Research recently published in the Lancet Diabetes and Endocrinology Journal concludes that contrary to current government guidance, taking vitamin D supplements does not have any measurable effect on bone density.
The research consists of meta-analysis conducted by Professors Mark Bolland and Andrew Grey from the University of Auckland and Professor Alison Avenell of Aberdeen University, who reviewed previous studies on the connection between vitamin D and bone mineral density, The Guardian has reported.
Current guidance from the Department of Health recommends taking vitamin D supplements during the winter months – when levels available from sunlight exposure are low. Supplements are advised in particular for those with bone conditions such as osteoporosis, which typically affects older people.
Bone density decreases as we age, but with osteoporosis, this process is accelerated, leading to chronically weakened bones which are more susceptible to breaking. The most common injuries for patients with osteoporosis are wrist, hip and vertebrae fractures. According to NHS statistics, over three million people in the UK are affected by osteoporosis, with more than 500,000 of those affected receiving hospital treatment for fractures every year.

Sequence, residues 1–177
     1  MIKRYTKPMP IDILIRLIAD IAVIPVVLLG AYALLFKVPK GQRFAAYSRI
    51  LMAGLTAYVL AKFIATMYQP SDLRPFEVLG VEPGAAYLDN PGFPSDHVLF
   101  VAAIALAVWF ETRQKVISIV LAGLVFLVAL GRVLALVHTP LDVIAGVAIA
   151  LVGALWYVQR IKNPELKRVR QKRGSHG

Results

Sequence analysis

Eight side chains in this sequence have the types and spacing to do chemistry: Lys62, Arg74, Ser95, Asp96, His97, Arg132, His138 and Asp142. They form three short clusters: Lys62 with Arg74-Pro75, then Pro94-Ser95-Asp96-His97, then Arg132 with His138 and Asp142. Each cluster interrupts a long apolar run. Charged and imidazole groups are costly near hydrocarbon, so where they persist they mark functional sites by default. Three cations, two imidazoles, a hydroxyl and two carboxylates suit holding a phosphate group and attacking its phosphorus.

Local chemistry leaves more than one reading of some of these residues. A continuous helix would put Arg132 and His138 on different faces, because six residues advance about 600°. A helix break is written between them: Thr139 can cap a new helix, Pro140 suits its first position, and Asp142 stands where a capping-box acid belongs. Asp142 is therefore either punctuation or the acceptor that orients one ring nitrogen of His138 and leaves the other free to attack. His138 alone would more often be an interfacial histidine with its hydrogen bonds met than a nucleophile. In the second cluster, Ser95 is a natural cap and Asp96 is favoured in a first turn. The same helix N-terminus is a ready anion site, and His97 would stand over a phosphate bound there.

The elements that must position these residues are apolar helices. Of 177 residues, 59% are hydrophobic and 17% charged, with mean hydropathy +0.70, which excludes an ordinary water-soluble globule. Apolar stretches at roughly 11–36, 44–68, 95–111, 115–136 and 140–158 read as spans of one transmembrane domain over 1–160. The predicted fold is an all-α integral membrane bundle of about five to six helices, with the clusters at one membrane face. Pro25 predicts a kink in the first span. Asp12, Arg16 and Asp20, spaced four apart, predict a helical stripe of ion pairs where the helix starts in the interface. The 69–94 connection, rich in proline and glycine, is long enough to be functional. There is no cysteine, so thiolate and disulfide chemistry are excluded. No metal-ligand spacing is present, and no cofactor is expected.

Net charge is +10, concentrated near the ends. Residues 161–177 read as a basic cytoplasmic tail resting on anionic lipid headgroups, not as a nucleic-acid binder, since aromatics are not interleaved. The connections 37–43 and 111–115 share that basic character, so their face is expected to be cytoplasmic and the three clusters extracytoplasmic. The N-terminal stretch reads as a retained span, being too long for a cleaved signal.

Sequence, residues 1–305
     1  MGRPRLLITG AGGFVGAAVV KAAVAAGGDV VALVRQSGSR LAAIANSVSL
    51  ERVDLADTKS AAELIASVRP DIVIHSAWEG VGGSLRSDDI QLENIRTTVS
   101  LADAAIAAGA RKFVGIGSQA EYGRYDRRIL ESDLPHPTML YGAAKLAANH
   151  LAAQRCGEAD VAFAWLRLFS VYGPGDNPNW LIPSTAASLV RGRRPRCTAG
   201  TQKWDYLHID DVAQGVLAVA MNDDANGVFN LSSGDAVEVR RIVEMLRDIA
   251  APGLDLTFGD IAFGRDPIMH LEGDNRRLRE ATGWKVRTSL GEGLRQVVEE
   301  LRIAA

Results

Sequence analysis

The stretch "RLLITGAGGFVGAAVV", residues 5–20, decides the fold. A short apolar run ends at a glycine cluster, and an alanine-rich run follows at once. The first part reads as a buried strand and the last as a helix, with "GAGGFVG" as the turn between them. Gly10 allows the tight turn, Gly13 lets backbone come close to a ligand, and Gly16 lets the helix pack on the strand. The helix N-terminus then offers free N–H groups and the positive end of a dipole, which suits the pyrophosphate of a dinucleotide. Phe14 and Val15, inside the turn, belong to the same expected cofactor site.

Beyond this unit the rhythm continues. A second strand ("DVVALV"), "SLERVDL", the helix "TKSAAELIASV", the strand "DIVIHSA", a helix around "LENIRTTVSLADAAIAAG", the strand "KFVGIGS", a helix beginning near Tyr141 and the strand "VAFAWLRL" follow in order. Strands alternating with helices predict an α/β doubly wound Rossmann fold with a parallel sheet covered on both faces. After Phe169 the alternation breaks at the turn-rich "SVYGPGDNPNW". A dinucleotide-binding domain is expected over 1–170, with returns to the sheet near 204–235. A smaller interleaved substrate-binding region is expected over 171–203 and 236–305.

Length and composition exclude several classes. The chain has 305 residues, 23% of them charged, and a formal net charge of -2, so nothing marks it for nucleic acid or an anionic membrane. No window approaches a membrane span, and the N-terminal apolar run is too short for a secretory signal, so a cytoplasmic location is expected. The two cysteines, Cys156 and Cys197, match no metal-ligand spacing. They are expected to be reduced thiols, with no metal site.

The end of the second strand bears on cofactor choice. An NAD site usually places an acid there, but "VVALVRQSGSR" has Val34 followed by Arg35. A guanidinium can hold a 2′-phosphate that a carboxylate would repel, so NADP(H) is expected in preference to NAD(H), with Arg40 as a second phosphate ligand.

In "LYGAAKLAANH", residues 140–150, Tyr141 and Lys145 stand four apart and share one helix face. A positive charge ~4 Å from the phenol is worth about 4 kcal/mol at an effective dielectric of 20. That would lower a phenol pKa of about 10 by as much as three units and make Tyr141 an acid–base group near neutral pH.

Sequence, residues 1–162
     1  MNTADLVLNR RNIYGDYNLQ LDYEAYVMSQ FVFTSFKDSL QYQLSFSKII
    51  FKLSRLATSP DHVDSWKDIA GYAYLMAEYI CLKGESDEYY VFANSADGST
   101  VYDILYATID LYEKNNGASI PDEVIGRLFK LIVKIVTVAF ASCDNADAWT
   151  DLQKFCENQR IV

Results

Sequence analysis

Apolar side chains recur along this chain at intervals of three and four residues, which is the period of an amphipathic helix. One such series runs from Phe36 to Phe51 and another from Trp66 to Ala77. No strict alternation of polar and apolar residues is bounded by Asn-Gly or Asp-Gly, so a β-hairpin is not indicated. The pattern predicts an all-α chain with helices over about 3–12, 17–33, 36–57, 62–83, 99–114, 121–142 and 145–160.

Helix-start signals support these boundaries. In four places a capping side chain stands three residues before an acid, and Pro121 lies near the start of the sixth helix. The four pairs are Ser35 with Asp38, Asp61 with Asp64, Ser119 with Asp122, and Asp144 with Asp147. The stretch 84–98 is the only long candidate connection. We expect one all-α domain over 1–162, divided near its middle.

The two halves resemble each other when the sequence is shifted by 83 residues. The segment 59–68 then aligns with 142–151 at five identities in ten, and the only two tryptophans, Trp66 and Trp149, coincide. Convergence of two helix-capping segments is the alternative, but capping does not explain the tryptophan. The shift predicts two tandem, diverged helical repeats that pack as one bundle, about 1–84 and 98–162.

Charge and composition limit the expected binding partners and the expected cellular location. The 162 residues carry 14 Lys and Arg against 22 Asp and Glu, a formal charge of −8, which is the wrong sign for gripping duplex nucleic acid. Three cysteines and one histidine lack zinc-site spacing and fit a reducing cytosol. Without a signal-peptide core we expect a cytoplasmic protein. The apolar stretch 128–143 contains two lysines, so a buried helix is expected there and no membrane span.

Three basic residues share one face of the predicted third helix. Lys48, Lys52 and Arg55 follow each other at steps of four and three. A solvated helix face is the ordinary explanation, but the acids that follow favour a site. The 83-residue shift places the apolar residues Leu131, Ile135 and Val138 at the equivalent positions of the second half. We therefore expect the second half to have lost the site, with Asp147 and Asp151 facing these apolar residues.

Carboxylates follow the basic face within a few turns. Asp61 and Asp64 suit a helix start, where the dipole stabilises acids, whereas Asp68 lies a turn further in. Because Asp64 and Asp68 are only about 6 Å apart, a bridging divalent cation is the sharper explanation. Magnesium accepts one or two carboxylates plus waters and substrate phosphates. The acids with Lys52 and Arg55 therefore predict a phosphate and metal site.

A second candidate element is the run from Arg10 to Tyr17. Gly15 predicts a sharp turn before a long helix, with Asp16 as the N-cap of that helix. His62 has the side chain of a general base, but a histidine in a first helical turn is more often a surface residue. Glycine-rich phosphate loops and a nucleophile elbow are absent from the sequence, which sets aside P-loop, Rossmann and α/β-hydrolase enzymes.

The new published findings on vitamin D turn the current government guidance on its head. In a quote for The Guardian, Professor Bolland comments: “Our meta-analysis finds that vitamin D does not prevent fractures, falls, or improve bone mineral density, whether at high or low dose… Clinical guidelines should be changed to reflect these findings.”
Rosie Nelson, an associate in Penningtons Manches’ clinical negligence team, said: “These studies show that vitamin D supplements can no longer be relied on to protect and maintain bone health. Doctors may need to question whether they should be prescribing supplements to those at risk of developing osteoporosis and other bone-related conditions, or instead focusing on lifestyle advice to lessen the risks.
“Once an individual has developed osteoporosis, there is a far higher risk of them suffering fractures. Older people with the condition, already more prone to falling, are particularly vulnerable. For many of our clients who have sought our advice following a fall in hospital, osteoporosis and other bone disorders have put them into this high risk group.